Chebaatha Anas*, F EL Mourabit, H Radhi, Y Oukessou, S Rouadi, R Abada, M Roubal, M Mahtar
ENT Head and Neck Surgery Department, Ibn Rochd University Hospital, Faculty of Medicine and Pharmacy, Hassan II University, Casablanca, Morocco
*Corresponding author: Chebaatha Anas, ENT Head and Neck Surgery Department, Ibn Rochd University Hospital, Faculty of Medicine and Pharmacy, Hassan II University, Casablanca, Morocco. Tel: +212614210908. Email: [email protected]
Received: December 19, 2022 Published: January 24, 2023
Citation: Anas C, et al. (2023). Adenoid Cystic Carcinoma of The External Auditory: A Case Report. Cases. 1(1):07.
Copyright: Anas C, et al. © (2023).
Objective: To describe a case of adenoid cystic carcinoma of the external auditory canal without bone lysis. Material and methods: A 60-year-old female patient presented to our department with a stenotic mass in the external auditory canal that was progressively increasing in size and evolving for 5 years of an incidental finding. The imaging, as well as the clinical and biological picture, evoked a tumor of the external acoustic meatus; at the anapath, grade 2 adenoid cystic carcinoma was diagnosed. Results: The treatment was surgical and the patient benefited from the excision of the mass in one piece of the external auditory canal. Potent irradiation terminated the treatment. The suites were simple. The followup is 2 months without recurrence. Findings: Adenoid cystic carcinoma of the external acoustic meatus is a rare malignant tumor whose diagnosis is often late Due to their initial symptomatology similar to that of other benign conditions of the ear which makes their prognosis pejorative whose cure depends essentially on local control. Its metastatic potential justifies aggressive treatment.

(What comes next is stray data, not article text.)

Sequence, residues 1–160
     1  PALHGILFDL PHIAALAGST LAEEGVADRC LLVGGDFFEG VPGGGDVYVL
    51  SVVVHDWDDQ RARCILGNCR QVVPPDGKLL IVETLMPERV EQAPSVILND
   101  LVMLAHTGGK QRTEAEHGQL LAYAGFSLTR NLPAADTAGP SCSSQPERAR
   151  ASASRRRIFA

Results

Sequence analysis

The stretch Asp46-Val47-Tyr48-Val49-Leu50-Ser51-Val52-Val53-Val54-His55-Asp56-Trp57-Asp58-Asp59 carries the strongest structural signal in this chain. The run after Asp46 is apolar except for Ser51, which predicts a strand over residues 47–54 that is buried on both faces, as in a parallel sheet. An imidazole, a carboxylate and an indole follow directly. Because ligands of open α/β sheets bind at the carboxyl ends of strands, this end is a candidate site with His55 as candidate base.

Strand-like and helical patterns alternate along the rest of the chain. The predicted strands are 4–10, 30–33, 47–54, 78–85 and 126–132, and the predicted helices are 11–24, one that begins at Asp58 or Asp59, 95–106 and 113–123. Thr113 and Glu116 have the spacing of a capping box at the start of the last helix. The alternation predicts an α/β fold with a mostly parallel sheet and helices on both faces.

Carcinomas of the external auditory canal (EAC) and middle ear are rare. They represent less than 1% of malignant tumors of the head and neck . More than half of EAC carcinomas are squamous cell carcinomas [1,2]. Glandular origin is rarer, affecting mostly older adults. It is represented, in decreasing order of frequency, by adenoid cystic carcinoma (CAK) or cylindrome, adenocarcinoma, and mucoepidermoid tumors . Non-specific and heterogeneous clinical symptoms are often responsible for late diagnosis. The advanced stages of these tumors, where metastases are frequent, complicate the therapeutic approach, which is not yet well codified.